U.S. Water News Online
DETROIT -- A coalition of shipping companies and industry
groups from the United States, Canada and Barbados representing ocean
freighters that transport cargo on the Great Lakes has sued Michigan,
claiming its new ballast-water law is unconstitutional.
The law, which took effect Jan. 1, is among the first of its type
in the nation. It is aimed at stopping the further introduction of
invasive species into the lakes through the discharge of ocean water
used as ballast.
A freighter takes in thousands of gallons of ballast water to
stabilize it when traveling with little or no cargo.
Four shipping companies, four shipping associations and one dock
company filed a complaint March 15 in U.S. District Court in Detroit.
It asks a judge to declare the Michigan Ballast Water Act
"The ballast water statute places unreasonable burdens on
interstate commerce and is clearly excessive in relation to the
putative local benefits gained," according to the federal lawsuit.
"It's disappointing that these groups are choosing to ignore this
law that really is designed to keep our Great Lakes protected,"
Michigan Department of Environmental Quality spokesman Robert McCann
told The Detroit News.
The law requires all oceangoing ships visiting Michigan ports to
obtain a state permit by either promising not to discharge ballast
water or proving they are equipped to sanitize ballast tanks with one
of four state-approved technologies.
Ocean freighters account for 5 percent of the cargo moved on the
Great Lakes, with about 220 ships entering the lakes annually,
according to government data. But scientific studies have found that
the vessels have imported most of the exotic species found in the
lakes during the past 50 years, including zebra and quagga mussels,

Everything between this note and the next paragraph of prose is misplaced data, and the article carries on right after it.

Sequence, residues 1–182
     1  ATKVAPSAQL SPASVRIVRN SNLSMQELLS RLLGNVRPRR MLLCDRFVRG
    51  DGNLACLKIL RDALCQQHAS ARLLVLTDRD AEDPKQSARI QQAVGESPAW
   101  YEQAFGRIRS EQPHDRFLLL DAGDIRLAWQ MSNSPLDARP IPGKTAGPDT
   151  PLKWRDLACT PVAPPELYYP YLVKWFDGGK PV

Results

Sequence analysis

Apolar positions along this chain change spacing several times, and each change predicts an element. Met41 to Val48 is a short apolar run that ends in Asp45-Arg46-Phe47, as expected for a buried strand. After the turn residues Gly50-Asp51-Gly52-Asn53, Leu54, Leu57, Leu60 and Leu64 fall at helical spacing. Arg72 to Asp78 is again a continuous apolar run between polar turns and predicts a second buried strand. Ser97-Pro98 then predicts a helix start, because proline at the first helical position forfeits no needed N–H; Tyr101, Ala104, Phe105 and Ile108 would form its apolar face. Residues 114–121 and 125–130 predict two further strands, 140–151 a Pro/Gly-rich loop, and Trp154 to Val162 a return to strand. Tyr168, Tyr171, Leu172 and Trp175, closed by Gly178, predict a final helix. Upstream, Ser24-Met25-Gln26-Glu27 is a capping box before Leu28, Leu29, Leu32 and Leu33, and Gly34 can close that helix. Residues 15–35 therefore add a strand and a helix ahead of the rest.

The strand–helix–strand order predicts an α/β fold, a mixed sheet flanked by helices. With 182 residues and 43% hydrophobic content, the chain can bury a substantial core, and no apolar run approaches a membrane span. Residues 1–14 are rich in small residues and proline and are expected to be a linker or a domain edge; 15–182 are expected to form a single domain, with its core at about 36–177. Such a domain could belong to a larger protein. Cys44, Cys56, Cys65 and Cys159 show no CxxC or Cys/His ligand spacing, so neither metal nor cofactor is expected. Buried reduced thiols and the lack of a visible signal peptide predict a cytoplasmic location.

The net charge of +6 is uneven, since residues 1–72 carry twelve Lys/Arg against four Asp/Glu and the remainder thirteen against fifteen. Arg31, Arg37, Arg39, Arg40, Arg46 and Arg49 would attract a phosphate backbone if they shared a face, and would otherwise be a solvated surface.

goby, ruffe and the spiny water flea.
The shippers, including the Seaway Great Lakes Trade Association
and the U.S. Great Lakes Shipping Association, say the law casts too
wide a net because only a fraction of the freighters that visit
Michigan ports each year discharge their ballast water.
"What's wrong with this picture? The same shippers that brought us
zebra mussels are now suing Michigan to stop us from protecting
ourselves from invasive species," Andy Buchsbaum, director of the
National Wildlife Federation's Great Lakes office in Ann Arbor, told
The Muskegon Chronicle.
State Sen. Patty Birkholz, R-Saugatuck, said she introduced her
legislation after the federal government failed to act against the
obvious source of invasive species entering the lakes.
"I am just shocked," Birkholz said of the suit by the shippers.
"If anything, we ought to be suing them."
Invasive species cause about $200 million in ecological and
economic losses each year, according to published studies. The zebra
mussel, believed to have been introduced into the lakes through
ballast water in 1988, has caused a total of $3.1 billion in damage,
according to the General Accounting Office, the investigative arm of
There are currently 183 exotic species in the Great Lakes. The
most recent discovery was a foreign shrimp, the bloody red mysid,
found last year in Muskegon Lake, an inland lake connected to Lake
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